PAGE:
Saskatchewan had 61 active cases and five people in the hospital. There had been 326 known cases and four deaths. The following day Moe and chief medical health officer Dr. Saqib Shahab announced the province's reopening plan.
Outbreaks in the province's far north in the spring and in communal living settings further south in the summer caused case numbers to surge. At the end of July, Saskatchewan's case rate led the nation, albeit briefly.
Cases and hospitalizations remained stable into October.
"We did manage over the summer to keep those little peaks and valleys at a fairly low rate and keep things under control. Testing rates were fairly high. So test positivity rates were low. So all of those were indications that we were doing a decent job," said Dr. Cory Neudorf, a public health and epidemiology professor at the University of Saskatchewan.
Cynthia Carr, a Winnipeg-based epidemiologist, said the summer was quiet across Canada. People were able to stay outdoors and distance while cases stayed low.
"This summer was sort of a weird place of trying to feel normal but feeling worried about letting our guard down too much and we go into the fall," Carr said.
The summer was evidence of people being "lulled into a false sense of complacency because you think you're always going to be safe," Deonandan said.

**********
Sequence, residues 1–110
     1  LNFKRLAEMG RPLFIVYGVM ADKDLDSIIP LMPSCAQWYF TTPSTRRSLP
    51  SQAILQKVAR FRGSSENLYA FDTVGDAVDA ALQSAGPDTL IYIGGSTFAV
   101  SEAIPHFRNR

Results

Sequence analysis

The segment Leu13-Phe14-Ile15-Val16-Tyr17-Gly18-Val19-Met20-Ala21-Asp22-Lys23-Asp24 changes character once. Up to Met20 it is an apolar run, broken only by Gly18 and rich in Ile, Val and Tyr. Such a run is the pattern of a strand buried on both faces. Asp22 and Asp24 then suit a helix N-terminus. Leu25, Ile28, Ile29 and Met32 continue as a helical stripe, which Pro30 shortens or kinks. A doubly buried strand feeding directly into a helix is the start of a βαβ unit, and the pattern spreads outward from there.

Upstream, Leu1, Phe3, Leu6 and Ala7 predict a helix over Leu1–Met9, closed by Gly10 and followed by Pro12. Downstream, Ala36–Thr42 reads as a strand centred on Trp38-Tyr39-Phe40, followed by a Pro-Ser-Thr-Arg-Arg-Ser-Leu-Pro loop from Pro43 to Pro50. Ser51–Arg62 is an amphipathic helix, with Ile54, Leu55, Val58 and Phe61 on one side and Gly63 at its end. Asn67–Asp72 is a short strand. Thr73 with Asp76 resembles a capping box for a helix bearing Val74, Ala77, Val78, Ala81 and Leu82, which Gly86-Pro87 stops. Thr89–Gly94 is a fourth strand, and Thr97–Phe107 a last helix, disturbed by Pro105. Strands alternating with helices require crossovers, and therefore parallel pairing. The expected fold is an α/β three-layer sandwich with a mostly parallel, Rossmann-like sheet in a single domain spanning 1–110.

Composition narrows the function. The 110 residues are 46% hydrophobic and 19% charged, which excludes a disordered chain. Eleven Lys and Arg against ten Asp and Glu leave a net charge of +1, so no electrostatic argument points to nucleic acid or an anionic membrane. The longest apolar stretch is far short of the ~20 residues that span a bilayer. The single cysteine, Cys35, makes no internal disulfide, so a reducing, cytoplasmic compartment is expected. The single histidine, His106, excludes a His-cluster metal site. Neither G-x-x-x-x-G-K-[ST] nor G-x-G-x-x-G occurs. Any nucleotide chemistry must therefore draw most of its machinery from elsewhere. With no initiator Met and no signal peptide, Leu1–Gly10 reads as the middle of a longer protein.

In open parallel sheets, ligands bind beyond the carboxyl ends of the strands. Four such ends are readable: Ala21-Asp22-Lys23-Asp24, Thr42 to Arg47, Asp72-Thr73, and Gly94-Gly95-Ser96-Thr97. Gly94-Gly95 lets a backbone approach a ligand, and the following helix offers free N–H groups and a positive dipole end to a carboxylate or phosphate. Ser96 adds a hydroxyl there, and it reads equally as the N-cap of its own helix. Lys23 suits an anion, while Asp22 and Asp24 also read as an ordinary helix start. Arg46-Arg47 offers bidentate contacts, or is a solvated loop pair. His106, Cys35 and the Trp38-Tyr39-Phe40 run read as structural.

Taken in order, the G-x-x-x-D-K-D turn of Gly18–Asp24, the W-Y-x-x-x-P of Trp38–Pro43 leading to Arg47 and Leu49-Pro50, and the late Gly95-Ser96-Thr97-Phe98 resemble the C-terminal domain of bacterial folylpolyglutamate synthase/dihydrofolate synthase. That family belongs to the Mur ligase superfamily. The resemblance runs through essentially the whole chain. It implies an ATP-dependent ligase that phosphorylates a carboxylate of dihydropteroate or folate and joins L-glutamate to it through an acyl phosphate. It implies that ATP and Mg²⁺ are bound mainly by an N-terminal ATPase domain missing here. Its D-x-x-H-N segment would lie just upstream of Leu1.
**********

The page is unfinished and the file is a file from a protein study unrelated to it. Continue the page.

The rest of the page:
"The human brain is not set up to understand and digest exponential growth."
In Saskatchewan, Shahab and others warned of a potential second wave in the fall.
"I think you heard most of us saying early, fairly early, even in the spring, that a second wave was highly likely," Neudorf said.
"Almost every pandemic we've ever seen in 100 years has had large second waves. And so there was no reason to think this one would be any different, especially come fall or winter."
Neudorf's colleague Nazeem Muhajarine, a University of Saskatchewan epidemiologist, said the province did not stamp out COVID-19 when the opportunity arose.
"When you get the numbers down low to the handful, a couple of dozen in the province of 1.1 million people, we are near zero at that point. We need to build on that very good position. We did not do that, I think, through a lack of foresight, miscalculation, perhaps stubborn political ideology," Muhajarine said.
Saskatchewan's second wave, which Shahab has referred to as the "first true wave," was on the way.
Saskatchewan's attention turned to the provincial election coming on Oct. 26.
During the campaign. Moe vowed not to implement a second lockdown in the province.
In the leaders' debate on Oct. 14, neither Moe nor NDP Leader Ryan Meili committed to a provincewide mask mandate.